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Rebecca, 36

#auguts hard to talk about

I was too embarrassed to speak to my GP about my symptoms (bleeding and diarrhoea) as a teenager and decided it would get better if I ‘just carried on’ for as long as possible.

I was told when diagnosed with ulcerative colitis that I’d have it for life, and that there is only treatment, not a cure. But in fact, I put up with symptoms for way too long. I was never offered surgery only stronger meds, many of which I refused but I wish I had been offered a stoma much earlier in in my time with UC! It took the cancer diagnosis before they talked about what a stoma was and I was ashamed to have not heard of them before!

Although I did as much as I could living with UC, it wasn’t handled well. I tried to work and continue to run and swim. But I often had accidents while running, and I had to stop swimming altogether, which was tough.

Naturally I was afraid when after my cancer diagnosis, but I was also relieved that I had been heard. And that there was an answer to end my suffering of a life that revolved around running to a toilet.

Of course, the first few months with a stoma are tough, it’s a huge adjustment, mentally and physically. You have to try and accept your body with a bag stuck to it all the time, while being in pain and being careful about what you eat.

It’s important to do gentle core work when recommended to by your doctor after surgery. And I wear Vanilla Blush underwear and support wear, which supports the weight of the bag, and I’ve got to five years without a hernia.

But having a stoma has been a blessing for me. I remember walking past a toilet at a hospital appointment, soon after having my stoma surgery, and laughing to myself that I didn’t have to make a mental note of where the nearest loo was when previously it was likely chance that I’d have to run there!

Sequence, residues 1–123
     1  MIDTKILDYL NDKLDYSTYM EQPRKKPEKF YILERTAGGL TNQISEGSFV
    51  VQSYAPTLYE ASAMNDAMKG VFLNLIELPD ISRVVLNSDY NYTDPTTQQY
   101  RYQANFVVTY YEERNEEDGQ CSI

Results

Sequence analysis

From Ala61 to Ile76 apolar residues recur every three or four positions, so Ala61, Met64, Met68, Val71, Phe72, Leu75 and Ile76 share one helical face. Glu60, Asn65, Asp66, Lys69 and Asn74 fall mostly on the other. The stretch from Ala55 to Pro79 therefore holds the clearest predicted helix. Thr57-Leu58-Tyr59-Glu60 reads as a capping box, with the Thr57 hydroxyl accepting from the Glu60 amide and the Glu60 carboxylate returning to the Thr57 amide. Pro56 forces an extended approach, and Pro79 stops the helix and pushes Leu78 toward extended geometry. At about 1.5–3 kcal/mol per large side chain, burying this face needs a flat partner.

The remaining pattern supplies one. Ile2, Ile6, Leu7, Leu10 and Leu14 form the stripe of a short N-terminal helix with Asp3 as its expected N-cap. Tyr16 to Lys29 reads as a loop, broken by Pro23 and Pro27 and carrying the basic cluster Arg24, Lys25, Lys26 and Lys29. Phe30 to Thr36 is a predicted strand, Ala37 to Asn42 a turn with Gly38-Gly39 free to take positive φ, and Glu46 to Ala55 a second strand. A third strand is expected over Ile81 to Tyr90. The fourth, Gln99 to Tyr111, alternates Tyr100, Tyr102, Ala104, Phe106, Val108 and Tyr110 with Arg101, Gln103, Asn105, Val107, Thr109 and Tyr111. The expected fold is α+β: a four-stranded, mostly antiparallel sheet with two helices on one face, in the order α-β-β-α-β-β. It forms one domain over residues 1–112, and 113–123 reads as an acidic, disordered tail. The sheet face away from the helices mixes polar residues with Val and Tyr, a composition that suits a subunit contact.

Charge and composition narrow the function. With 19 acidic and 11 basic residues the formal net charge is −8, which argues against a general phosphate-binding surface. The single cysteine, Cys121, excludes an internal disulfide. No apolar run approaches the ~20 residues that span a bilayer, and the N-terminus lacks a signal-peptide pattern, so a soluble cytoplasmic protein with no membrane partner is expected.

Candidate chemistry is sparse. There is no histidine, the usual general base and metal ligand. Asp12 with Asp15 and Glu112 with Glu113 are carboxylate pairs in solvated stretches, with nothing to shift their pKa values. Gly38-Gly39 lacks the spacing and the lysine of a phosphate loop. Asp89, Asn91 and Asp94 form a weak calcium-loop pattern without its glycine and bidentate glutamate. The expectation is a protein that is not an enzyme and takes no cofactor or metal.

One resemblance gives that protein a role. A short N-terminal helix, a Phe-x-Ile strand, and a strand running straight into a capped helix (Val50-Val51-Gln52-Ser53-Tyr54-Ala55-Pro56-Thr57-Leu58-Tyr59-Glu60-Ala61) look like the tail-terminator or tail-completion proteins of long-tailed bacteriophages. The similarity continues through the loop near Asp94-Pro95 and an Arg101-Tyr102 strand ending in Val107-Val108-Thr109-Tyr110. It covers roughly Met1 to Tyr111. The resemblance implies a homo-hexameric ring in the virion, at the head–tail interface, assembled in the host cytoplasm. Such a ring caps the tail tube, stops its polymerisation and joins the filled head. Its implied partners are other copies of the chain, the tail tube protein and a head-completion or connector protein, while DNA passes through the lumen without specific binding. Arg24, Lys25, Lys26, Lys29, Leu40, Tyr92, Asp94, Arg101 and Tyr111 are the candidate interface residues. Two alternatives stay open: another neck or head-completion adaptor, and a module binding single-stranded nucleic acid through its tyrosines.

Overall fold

Also, I’m pleased to say my fitness came back pretty quickly; I walked my first kilometre four months after an ICU stay due to complications with the chemotherapy I received. And jogged my first kilometre just two months later. By Christmas I had jogged six kilometres.

The following April I completed my first ever triathlon, three days before the anniversary of my stoma surgery. And then ran my first ever half marathon 16 months after my ICU. Now I continue to enjoy running and swimming, particularly in open water which wouldn’t have been possible with UC.

I have no issues with my bag or scar and will happily wear a bikini on the beach although for many there is definitely still a stigma around having a stoma, and this is as prevalent amongst medics as the public. On the plus side, there has been improved awareness in the last five years since I had mine.

In summary I would say that a stoma for me has been a huge blessing, and I wish I had been offered it years sooner. Even so, it would have been a tough decision, but I hope that it’s one I would have made.



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I have diverticular disease on the right side of my body and I believe only a few people have it on this side.

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Frank McDermott

Mr Frank McDermott is a Consultant Colorectal Surgeon and Cancer lead for the Genomics Medicine Service Alliance in Southwest England. His grant with Bowel Research UK why some patients with diverticulitis experience serious complications such as blood infection, while others have milder disease. 

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